Q:

What are the advantages and disadvantages of self-pollination?

A:

Quick Answer

Self-pollination, also called open pollination, maintains the unique attributes of the representative species but does not offer protection against species extinction and may even cause a species harm by replicating diseases and viruses that are passed on to successive generations. Self-pollination ensures breed and species purity by ensuring that natural seeds are disseminated and repopulated.

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Full Answer

The benefits and drawbacks of open pollination are often contrasted to effects of cross-pollination or hybrid pollination, and each form of seed dissemination has its advantages and weaknesses. Plants that reproduce using self-pollination are significantly less expensive for gardeners and farmers to raise and cultivate year after year. Their seeds are carried by winds, birds and bees and regrow year after year without necessitating annual purchases. Self-pollinating plants also have predictable growth patterns and habitat needs. Some are annuals and others perennials, and growers know that each kind has individual watering, sunlight and soil needs. However, self-pollinating plants are not uniform in color and other characteristics, which might make them less appealing to consumers. They are also prone to negative impacts from disease and other environmental hazards, as a batch of infected or poor-quality seeds can make a species weak and may eventually cause the species to die out.

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Related Questions

  • Q:

    How does pollination occur?

    A:

    Pollination may occur as cross-pollination between plants, or when bees, insects and birds transport and replant pollinated seeds and spores. Pollination takes place naturally in several ways, without human intervention. Some plants have the ability to repopulate among each other via the technique of cross-pollination, although most organisms rely on wind currents or pollinators, such as bees, birds and other insects to complete the process.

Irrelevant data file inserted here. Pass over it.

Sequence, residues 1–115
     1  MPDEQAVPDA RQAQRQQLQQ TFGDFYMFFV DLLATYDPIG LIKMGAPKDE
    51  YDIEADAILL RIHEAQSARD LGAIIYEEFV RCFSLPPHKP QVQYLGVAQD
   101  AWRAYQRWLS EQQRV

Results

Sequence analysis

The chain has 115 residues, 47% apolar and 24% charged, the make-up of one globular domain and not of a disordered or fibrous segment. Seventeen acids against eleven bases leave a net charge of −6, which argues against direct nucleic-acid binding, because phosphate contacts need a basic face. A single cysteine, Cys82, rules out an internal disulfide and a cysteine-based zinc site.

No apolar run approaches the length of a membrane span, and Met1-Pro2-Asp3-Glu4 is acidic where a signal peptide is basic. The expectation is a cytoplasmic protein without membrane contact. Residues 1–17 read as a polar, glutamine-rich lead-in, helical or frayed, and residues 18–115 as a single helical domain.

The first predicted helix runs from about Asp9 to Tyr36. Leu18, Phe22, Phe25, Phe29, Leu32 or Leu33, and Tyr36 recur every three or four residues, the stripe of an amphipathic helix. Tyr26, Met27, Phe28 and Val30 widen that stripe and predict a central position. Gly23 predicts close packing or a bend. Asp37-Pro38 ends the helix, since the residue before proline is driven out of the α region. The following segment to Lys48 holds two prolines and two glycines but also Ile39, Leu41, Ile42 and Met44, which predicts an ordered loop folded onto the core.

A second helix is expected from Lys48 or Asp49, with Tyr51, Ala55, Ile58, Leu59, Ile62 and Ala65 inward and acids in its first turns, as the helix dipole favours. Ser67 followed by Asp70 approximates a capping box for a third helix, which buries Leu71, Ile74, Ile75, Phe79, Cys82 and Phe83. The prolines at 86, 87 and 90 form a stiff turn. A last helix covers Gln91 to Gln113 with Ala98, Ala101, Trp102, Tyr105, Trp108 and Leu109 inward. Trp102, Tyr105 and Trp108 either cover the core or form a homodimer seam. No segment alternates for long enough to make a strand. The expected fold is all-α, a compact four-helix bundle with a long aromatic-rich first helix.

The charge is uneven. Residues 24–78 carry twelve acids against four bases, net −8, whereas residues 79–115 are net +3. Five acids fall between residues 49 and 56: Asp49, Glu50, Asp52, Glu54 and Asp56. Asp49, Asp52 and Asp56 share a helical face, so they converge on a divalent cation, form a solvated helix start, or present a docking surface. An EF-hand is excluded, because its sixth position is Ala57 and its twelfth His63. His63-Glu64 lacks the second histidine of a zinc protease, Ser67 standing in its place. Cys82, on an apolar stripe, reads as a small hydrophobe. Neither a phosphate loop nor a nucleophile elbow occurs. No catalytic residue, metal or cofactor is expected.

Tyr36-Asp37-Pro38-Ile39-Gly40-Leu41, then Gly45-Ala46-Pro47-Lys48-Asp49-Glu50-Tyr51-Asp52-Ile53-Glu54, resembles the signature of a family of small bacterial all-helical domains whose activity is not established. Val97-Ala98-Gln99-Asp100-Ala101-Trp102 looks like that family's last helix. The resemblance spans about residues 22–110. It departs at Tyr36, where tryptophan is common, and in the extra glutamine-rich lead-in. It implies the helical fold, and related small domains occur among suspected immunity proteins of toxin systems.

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  • Q:

    What is wind pollination?

    A:

    Wind pollination occurs when the pollen from flowers is transported by the wind. It is also known as anemophily, and it occurs every day to pollinate crops and trees.

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  • Q:

    How does pollination take place?

    A:

    Pollination takes place when bees or other pollinators pick up the pollen from a flower's stamen and transfer it to another flower's stigma as they move from flower to flower. Pollination is not an intentional process, but it is key to the reproduction process of plants and is a crucial part of the ecosystem.

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  • Q:

    What is the difference between pollination and fertilization?

    A:

    Pollination is the process whereby pollen grains move from the anther to the stigma on a flower’s style, while fertilization is the fusion of the male gametes and female egg cells to form a new plant seed. Pollination precedes fertilization and depends on such media as wind, water and insects. Pollination takes place externally, while fertilization occurs in the inside of the flower and does not depend on external vectors.

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